There will be few coaches at the FIFA U-20 World Cup who will have had a more interesting or more difficult road to travel to the finals than Congo coach Eddie Hudanski.
When he took on the role in May 2005, the Frenchman arrived with a reputation forged from the foundation of a football academy in Cameroon, where his most notable achievement was the work he put in with global superstar Samuel Eto'o to help him become the player he is today. Hudanski was fortunate to be able to call upon such a huge name when the time came to start all over again in Congo and it is easy to see where the Little Red Devils got the inspiration to succeed at Canada 2007.
"I was the one who first sent Samuel to Spain when I was working with him in Cameroon and one day he called me up when he was in Congo's capital Brazzaville," Hudanski explained. "He didn't want anyone else to know he was there because he was on holiday with his fiancée and I was very surprised to hear from him. He said he only wanted to see me when he was in Congo, nobody else. We talked and he agreed to come along to speak to my players. I told the boys to go and have a shower after training and that someone was coming along to see them."
Eyes wide open
The meeting was to have a lasting effect. "When Samuel Eto'o showed up, their eyes were wide open... just amazed to see him. He spoke to them for 45 minutes, telling them that work, work, work was what they had to do to get to the point that he had in his own career. He also said that they must listen to their coach and of course that was a great help to me."
The Barcelona striker gave the Congo players the motivation and belief that Hudanski would be the man who could take them as far as they can possibly go in the game. "Samuel told them that I was the one who always pushed him to play and to keep practising after school," said the former Limoges Foot 97 boss. "He told my players to follow me, whatever I was telling them to do. Of course I'm very pleased about where Samuel has got to but he said it was because of being pushed and pushed that he has managed to achieve what he has."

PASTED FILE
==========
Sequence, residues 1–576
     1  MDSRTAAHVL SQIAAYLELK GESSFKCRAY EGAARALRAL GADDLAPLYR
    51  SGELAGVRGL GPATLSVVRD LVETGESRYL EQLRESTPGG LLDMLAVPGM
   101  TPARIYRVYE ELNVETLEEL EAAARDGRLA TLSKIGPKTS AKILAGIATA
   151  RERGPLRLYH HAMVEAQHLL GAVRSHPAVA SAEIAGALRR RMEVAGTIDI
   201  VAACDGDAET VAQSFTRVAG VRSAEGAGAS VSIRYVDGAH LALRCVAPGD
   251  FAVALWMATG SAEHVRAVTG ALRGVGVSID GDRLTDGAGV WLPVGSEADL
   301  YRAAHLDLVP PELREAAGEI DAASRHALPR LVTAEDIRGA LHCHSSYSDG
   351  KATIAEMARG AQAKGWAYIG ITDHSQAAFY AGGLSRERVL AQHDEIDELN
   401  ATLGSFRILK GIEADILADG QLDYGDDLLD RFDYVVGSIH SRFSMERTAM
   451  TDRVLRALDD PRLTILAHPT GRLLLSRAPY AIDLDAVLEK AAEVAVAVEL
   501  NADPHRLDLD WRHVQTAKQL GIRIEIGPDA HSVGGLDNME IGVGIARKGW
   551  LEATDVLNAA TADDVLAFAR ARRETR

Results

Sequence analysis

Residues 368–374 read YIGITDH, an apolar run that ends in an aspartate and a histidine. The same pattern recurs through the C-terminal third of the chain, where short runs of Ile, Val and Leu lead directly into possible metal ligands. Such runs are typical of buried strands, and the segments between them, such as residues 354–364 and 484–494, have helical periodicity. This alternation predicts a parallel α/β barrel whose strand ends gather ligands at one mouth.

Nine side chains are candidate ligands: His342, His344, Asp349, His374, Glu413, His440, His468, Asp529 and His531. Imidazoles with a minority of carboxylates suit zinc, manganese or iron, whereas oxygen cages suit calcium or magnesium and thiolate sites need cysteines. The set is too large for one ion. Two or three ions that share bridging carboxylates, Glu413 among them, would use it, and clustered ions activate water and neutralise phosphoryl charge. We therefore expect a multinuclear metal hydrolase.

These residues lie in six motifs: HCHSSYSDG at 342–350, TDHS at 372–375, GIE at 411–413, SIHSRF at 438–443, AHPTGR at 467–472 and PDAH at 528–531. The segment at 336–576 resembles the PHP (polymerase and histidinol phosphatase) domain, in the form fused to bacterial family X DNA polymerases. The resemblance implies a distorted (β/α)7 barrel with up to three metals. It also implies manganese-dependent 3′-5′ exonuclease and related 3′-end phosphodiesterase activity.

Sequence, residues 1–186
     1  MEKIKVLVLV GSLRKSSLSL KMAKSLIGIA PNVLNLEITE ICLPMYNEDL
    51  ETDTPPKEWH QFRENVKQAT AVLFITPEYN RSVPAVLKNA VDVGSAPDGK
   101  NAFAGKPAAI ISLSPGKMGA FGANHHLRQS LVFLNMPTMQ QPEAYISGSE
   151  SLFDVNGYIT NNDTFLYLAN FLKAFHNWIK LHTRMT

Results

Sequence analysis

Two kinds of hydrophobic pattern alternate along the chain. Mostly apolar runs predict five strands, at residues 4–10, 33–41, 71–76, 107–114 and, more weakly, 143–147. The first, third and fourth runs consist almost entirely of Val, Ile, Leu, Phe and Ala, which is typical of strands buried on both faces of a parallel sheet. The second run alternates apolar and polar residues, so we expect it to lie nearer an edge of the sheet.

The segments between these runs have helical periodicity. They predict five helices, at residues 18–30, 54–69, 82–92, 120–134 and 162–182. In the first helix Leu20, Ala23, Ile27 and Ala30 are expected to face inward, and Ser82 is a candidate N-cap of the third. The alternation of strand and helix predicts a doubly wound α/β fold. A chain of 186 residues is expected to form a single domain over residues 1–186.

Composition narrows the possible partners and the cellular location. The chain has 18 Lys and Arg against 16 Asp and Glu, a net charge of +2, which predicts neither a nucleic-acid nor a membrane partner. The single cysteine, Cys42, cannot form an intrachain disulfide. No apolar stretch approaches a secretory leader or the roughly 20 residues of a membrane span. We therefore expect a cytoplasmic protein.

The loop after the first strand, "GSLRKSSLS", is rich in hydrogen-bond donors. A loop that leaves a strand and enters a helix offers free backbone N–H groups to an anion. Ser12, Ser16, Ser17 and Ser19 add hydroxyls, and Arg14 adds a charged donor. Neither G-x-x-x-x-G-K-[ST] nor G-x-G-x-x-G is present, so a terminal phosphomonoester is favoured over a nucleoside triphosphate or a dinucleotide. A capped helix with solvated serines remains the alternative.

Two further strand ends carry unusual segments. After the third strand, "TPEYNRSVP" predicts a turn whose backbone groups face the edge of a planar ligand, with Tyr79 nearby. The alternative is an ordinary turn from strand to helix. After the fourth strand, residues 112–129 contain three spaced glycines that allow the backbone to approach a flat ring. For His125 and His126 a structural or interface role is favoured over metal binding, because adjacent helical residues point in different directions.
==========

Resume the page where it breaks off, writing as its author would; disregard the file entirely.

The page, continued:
Naturally, the Congo story is not quite as simple as all that, as Hudanski explains: "It was not easy for me because I had to go out looking on the streets for players. There is no junior championship in Congo and I had to find them, bring them together and try to build the team from there. That's where we are right now and I had to do a lot of hard work. We just didn't have enough players and we built this squad like you might build a house, from the bottom up to the top."
Midfielders Delvin Ndinga and Cecil Filanckembo, along with strikers Franchel Ibara and Fabrice Nguessi were discovered in this way but Hudanski insists: "There isn't one guy that particularly stands out for me because this is very much a team now. The spirit among them is great. I am very proud of what we have achieved on this journey in such a short period of time and we must not forget there was a war going on in Congo only eight years ago."
Hudanski conceded that instilling the necessary discipline into such raw prospects was "very, very difficult at the beginning" but he shaped a squad that would grow to become African youth champions on home soil when they beat Nigeria 1-0 in the final in Brazzaville this February to book their passage to Canada 2007. "That was very surprising even for me," he said. "We were up against the big teams in Africa, such as Cameroon, Nigeria and Gambia. Once we won the championship I knew we had something here. I did the same thing while I was in Cameroon and also China, so I knew what kind of work I had to do."
The final reward for all that labour is Congo's first appearance at the U-20 finals and after being pitted in a group with Chile, Canada and Austria, Hudanski knows the hard graft starts once more. First up will be Austria at Edmonton's Commonwealth Stadium on Monday and, with no Cameroon at these finals, it is safe to say that Congo will have at least one celebrity supporter in Eto'o rooting for them to do well. With fans like that, Congo could prove hard to beat.